Proposed central East Coast offshore wind energy areas, including two off the northern North Carolina coast, may be scaled back in size by the time they are finalized early next year.
Sea scallop fishing, a NASA danger zone, a proposed shipping safety fairway, and marine habitat could further trim eight draft wind energy areas, or WEAs, the federal government is eyeing offshore from Delaware south to Cape Hatteras.
These areas encompass about 1.7 million acres, a little less than half of the original 3.9 million acres the Interior Department identified as potential wind energy areas.
Last month, the Bureau of Ocean Energy Management, or BOEM, opened a 30-day public comment period on the draft WEAs, including one area located about 28 miles offshore of southern Virginia and northern North Carolina and one about 50 miles from those coasts.
BOEM hosted two virtual meetings last week, giving members of the fishing community and environmental organizations an opportunity to ask questions about and comment on the draft WEAs.
Among some of the concerns raised during the meetings were potential impacts to Atlantic sea scallop fishing off Delaware’s coast and recreational fishing vessel businesses, possible effects on deep sea coral, and impacts to shorebirds and endangered right whales.
One participant suggested BOEM include exclusion zones for right whales.
“If these right whales are gone, that’s it. They’re gone forever,” he said.
A representative with the Maryland Climate Action Network encouraged BOEM officials to move forward with examining the potential for wind development within secondary areas, where conflicts may exist, of the draft WEAs.
In order to reach the country’s clean energy goals, we’re going to need as many acres as possible for offshore wind development, she said.
Capt. Cane Faircloth, a resident of Brunswick County and president of the North Carolina For-Hire Captain’s Association, asked BOEM to take into consideration potential impacts to fishermen who hold operator of uninspected passenger vessels licenses.
Operator of uninspected passenger vessel licenses, also called OUPVs or six-packs, allow recreational charter fishermen to carry as many as six passengers as far as 100 miles offshore. These licenses are the most popular issued by the Coast Guard.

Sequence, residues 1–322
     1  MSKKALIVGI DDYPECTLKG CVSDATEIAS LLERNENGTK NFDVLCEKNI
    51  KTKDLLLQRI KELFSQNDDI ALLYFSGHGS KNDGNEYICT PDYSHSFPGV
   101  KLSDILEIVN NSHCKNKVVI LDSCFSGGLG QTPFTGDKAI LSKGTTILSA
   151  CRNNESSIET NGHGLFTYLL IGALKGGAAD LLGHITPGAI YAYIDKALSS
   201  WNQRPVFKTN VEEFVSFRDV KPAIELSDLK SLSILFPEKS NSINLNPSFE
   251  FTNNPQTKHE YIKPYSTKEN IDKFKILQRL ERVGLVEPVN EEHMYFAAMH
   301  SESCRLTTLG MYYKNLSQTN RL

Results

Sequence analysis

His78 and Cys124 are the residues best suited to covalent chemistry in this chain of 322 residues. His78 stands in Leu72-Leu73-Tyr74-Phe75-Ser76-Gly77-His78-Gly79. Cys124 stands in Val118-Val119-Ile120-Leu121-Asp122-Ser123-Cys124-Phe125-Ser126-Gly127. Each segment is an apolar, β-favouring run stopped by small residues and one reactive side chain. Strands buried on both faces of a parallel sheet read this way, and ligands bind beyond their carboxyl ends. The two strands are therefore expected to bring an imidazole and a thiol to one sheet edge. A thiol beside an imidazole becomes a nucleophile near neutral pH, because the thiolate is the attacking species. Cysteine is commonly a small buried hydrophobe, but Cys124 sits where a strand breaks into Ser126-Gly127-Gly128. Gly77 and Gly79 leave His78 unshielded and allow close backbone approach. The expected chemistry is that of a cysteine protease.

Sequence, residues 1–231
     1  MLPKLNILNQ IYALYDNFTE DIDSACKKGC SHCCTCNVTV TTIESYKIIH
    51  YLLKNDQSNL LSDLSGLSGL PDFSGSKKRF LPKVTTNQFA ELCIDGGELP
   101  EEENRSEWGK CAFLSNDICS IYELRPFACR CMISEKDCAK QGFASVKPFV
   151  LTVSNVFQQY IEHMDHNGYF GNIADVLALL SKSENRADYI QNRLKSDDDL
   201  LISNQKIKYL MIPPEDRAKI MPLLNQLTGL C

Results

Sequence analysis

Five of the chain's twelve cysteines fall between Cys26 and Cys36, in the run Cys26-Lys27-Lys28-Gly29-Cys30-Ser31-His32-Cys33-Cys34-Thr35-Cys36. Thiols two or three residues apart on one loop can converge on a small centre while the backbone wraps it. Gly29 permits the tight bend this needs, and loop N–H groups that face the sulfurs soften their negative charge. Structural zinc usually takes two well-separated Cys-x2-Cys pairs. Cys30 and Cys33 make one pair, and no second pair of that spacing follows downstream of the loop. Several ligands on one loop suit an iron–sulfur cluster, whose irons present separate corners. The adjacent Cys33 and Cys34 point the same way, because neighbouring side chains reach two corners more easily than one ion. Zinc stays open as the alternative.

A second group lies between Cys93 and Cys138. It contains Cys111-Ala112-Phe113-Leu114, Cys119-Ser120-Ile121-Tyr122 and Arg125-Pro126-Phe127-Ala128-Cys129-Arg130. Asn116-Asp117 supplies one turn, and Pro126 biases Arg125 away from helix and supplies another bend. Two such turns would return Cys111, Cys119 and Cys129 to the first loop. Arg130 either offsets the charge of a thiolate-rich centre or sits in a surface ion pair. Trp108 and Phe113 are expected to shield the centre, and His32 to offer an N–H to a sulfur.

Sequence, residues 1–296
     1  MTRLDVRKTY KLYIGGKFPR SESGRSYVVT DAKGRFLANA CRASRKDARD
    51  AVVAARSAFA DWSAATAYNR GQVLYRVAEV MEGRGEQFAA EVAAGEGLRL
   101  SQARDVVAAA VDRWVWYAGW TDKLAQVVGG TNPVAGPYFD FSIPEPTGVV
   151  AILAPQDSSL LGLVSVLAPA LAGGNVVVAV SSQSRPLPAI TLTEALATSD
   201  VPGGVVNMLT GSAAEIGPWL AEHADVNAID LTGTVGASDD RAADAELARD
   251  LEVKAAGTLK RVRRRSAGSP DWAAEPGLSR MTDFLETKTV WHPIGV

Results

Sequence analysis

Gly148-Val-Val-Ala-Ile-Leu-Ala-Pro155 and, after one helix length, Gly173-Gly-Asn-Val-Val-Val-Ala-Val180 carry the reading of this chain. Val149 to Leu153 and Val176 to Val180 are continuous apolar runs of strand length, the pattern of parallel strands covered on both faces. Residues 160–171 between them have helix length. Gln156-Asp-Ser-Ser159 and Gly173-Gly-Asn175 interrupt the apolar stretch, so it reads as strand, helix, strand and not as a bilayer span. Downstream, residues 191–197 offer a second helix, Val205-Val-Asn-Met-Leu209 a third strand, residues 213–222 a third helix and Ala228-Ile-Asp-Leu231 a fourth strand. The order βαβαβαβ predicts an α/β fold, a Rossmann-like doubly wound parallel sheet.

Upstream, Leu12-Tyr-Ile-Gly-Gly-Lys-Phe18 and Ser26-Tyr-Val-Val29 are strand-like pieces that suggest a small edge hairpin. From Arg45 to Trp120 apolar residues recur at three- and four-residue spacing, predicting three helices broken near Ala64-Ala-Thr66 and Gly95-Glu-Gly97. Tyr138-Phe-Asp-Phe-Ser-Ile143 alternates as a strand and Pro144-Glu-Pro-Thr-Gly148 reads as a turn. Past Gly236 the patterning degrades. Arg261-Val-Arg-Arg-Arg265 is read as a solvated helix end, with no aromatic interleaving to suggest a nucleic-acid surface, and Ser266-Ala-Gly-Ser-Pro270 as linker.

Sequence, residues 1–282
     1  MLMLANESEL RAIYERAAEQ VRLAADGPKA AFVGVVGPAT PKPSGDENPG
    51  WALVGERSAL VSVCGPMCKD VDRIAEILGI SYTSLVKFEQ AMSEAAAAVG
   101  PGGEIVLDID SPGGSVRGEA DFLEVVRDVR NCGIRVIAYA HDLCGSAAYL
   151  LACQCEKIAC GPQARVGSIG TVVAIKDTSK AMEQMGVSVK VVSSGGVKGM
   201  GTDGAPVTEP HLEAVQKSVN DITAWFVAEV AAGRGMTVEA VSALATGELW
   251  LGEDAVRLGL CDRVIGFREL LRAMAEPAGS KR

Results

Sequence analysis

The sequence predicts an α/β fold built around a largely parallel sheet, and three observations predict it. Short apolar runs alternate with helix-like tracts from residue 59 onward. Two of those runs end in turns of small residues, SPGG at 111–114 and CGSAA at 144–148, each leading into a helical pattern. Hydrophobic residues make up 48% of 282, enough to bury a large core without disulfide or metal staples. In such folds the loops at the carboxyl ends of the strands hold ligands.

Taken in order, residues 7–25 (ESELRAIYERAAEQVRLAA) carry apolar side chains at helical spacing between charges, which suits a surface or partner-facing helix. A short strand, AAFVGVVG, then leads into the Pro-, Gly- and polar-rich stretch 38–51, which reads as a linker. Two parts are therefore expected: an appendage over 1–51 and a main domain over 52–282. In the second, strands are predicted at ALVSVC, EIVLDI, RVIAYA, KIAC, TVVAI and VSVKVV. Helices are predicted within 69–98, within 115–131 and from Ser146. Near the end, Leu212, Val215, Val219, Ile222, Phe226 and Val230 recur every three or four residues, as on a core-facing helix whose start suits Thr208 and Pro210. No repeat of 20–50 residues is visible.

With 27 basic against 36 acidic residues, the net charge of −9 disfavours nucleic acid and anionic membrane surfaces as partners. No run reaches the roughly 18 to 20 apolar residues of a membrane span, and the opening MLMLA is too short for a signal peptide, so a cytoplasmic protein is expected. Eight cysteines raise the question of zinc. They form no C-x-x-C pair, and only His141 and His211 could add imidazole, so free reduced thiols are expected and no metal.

Peggy Schultz, a representative of Coalition POWER, which stands for People for Offshore Wind Energy Resources, out of Delaware, asked about the viability of deep-water offshore wind farms and whether floating turbines are in the planning stages in the U.S.
“We really don’t know,” BOEM’s David MacDuffee, chief, projects and coordination branch said. “It really is a big question for BOEM on how viable these areas are.”
He said floating turbines have been deployed in waters in other areas of the world, but that the technology is still new.
Bridgette Duplantis, BOEM’s central Atlantic team lead, said companies that have indicated an interest in the proposed deep-water sites have said they expect a “longer timeline” for technology to be developed for areas farther offshore.
BOEM says it will collect additional information about activities in the draft WEAs with the Department of Defense, U.S. Coast Guard, NASA and other ocean users, including the fishing industry before finalizing the areas.
Once the final central Atlantic Ocean WEAs are selected, those areas will be environmentally assessed through the National Environmental Policy Act process.
The final WEAs are expected to be published in the first quarter of 2023. The first lease sale is expected to occur about a year later, according to BOEM officials.
Those lease sales will expand the wind energy footprint offshore of North Carolina.
Plans are underway for a 2.5-gigawatt wind farm off Kitty Hawk. Avangrid, the company that won the lease sale of that WEA, has indicated construction could start in 2026 and eventually power as many as 700,000 homes.
And, in May, Duke Energy and French company TotalEnergies won leases for sites south of Bald Head Island to the tune of more than $300 million.
Energy produced at those sites could eventually power up to 500,000 homes.
Development of these wind farms will help North Carolina close in on Gov. Roy Cooper’s goal for offshore wind to generate 2.8 gigawatts by 2030 and 8 GW by 2040, which would power some 2 million homes.
BOEM is accepting comments on the draft WEAs through 11:59 p.m. Dec. 16. Comments may be made by visiting regulations.gov, docket number BOEM-2022-0072.